We all think we know who Paddington is. He comes from darkest Peru, he loves marmalade sandwiches, was named after a train station and found a home with the Brown family. What you might not know is that he's really a woman called Lauren.

Of course that is not how we see him on the big screen, rendered to furry and cuddly perfection and voiced by Ben Whishaw, but it turns out that is how it was on set during the filming of the highly anticipated Paddington 2.

Instead of actors having to imagine the famous bear, who will then be added to the film later through computer wizardry, Lauren dons a blue duffel coat and red hat with bear paws on her feet to help actors get into not only the right spirit, but also the right eyeline.

"All acting is pretending anyway," says Hugh Bonneville, who is reprising his role as Mr Brown. "And you're just projecting a lot of that pretence onto something that may or may not be there. We have a lot of help in different ways."

Madeleine Harris, who is back as Judy Brown, adds: "We have Lauren who stands in as the bear and she's so lovely. She's really great, and if we're doing a scene where we were are all moving it's so helpful to have her there obviously, because then we have an eyeline all the way through instead of someone holding a stick in shot and trying to move it in the same way the bear would.

"And then we have Gus, who is absolutely brilliant at voices and he does a really good impression of Ben Whishaw's voice, so it's brilliant, you can almost imagine the reactions to give and it makes it so much easier because instead of talking to nothing you do have something to react to and you can actually act."

And these stand-ins include the crucial duffel coat and hat? "Yes!" Samuel Joslin, who reprises the role Jonathan Brown, affirms. "And she (Lauren) has little woollen bear feet. I remember in the first one there was a bit that was cut out where there was a dog barking at the bear and she had to wear these little glasses that had a sausage on it to get it to look at her."

The first Paddington film, released in 2014, was a smash-hit and so it was almost inevitable the bear and the Browns would be back for a second adventure.

While the first outing saw Paddington pitted against Nicole Kidman's psychotic taxidermist, who wanted to see him stuffed in a museum, the second sees him take on Hugh Grant's vain and embittered actor, whose best days are well behind him, after he is framed for a crime he did not commit.

Grant, who dives into the role with gleeful abandon, is a new addition to the cast for the second go-round, and, running his hand through his trademark floppy hair, jokes he had very mixed feelings about the part of a pompous thespian who has resorted to doing dog food adverts.

"It was hurtful," he says, with a wicked glint in his eye. "But it came with a lot of money attached. It was a very funny script and I hadn't seen Paddintgon 1, so I then watched it and laughed and cried and all those things, then I went to meet Paul (King, the director and co-writer). I found him a little weird to be honest but it was a very easy thing to say yes to."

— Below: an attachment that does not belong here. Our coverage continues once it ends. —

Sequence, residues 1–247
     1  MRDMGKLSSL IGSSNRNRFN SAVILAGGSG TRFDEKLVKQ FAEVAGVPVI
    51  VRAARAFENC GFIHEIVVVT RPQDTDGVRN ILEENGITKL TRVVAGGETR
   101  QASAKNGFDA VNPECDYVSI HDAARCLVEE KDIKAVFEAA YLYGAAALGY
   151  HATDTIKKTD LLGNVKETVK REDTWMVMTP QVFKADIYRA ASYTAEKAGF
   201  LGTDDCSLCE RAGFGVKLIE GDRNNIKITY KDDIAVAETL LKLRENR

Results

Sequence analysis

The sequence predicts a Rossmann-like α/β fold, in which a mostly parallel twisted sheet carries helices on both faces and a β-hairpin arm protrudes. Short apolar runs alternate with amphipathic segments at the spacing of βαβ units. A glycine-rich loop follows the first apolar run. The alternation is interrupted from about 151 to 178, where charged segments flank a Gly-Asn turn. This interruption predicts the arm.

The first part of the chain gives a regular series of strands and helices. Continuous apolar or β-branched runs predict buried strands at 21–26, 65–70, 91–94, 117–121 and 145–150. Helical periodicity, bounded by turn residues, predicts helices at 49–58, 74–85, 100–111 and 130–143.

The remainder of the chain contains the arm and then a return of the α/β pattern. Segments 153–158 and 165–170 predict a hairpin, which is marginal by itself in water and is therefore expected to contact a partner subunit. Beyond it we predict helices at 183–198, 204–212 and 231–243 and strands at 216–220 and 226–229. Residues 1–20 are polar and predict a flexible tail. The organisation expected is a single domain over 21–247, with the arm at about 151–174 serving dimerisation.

His character of Phoenix Buchanan was even originally called Hugh Grant in early versions of the script, according to King and fellow scribe Simon Farnaby. "It played into all those psychoses of every actor, I think," Grant muses, "Deep, dark impenetrable narcissism and insecurity and selfishness and greed." Bonneville chimes in: "As Mrs Bird says, we are some of the most evil people on the planet - we lie for a living."

But for the Downton Abbey star, who looks a million miles away from Lord Grantham in a pale pink shirt, casually unbuttoned at the neck, the chance to lie for a living in films about a fixture of his childhood is still a happy novelty. "My folks read me the stories when I was a kid and then they became the first books that I read for myself, so I've had a long history with Paddington and he's been my pal for a long time so it's nice to meet him in this incarnation too."

And Bonneville isn't Paddington's only famous pal. Pictures of the Duchess of Cambridge dancing with the bear shortly after she announced her third pregnancy were enjoyed around the world.

"Paddington is a national treasure," Bonneville adds. "And it's lovely to be associated with it. Bearing in mind the first book was published in 1958 and its themes of a stranger in a strange place looking for the hand of friendship and acceptance and trying to fit in, I think that is one of the reasons this character has resonated down the decades, because we have all been that person, we have all been in that situation.

"We have all been a Paddington in a new school or a new country, in a new town, and I think that is not just a British characteristic, it's universal, and that is one of the reasons he's survived, as well as the fantastic scrapes he gets into. I'm enormously proud to be latterly associated with the books I grew up with."

Those books were, of course, penned by Michael Bond, who first created Paddington after spotting a forlorn bear on a department store shelf on Christmas Eve. The author made a much-lauded cameo in the first movie, cheerily raising a glass to the bear as he arrives in London. In a sad turn of events, he died on June 27 this year, the final day of shooting on Paddington 2.

"There is an extra element of poignancy to that," Bonneville says. "Karen, his daughter, has taken on the mantle of protection of the bear and she says the second film looks after him just as much as the first one did, so we feel she's part of the family and we are part of her family, and it's all thanks to this beloved bear."

  • Paddington 2 is released in UK cinemas on November 10.